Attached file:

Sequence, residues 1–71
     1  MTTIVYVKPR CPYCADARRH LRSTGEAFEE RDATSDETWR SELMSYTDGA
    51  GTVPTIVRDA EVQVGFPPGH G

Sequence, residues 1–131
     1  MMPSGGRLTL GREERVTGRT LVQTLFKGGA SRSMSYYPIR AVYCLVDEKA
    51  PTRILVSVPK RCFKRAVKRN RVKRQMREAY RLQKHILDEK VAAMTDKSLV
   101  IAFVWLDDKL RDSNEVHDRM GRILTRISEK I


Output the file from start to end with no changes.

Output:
Sequence, residues 1–71
     1  MTTIVYVKPR CPYCADARRH LRSTGEAFEE RDATSDETWR SELMSYTDGA
    51  GTVPTIVRDA EVQVGFPPGH G

Sequence, residues 1–131
     1  MMPSGGRLTL GREERVTGRT LVQTLFKGGA SRSMSYYPIR AVYCLVDEKA
    51  PTRILVSVPK RCFKRAVKRN RVKRQMREAY RLQKHILDEK VAAMTDKSLV
   101  IAFVWLDDKL RDSNEVHDRM GRILTRISEK I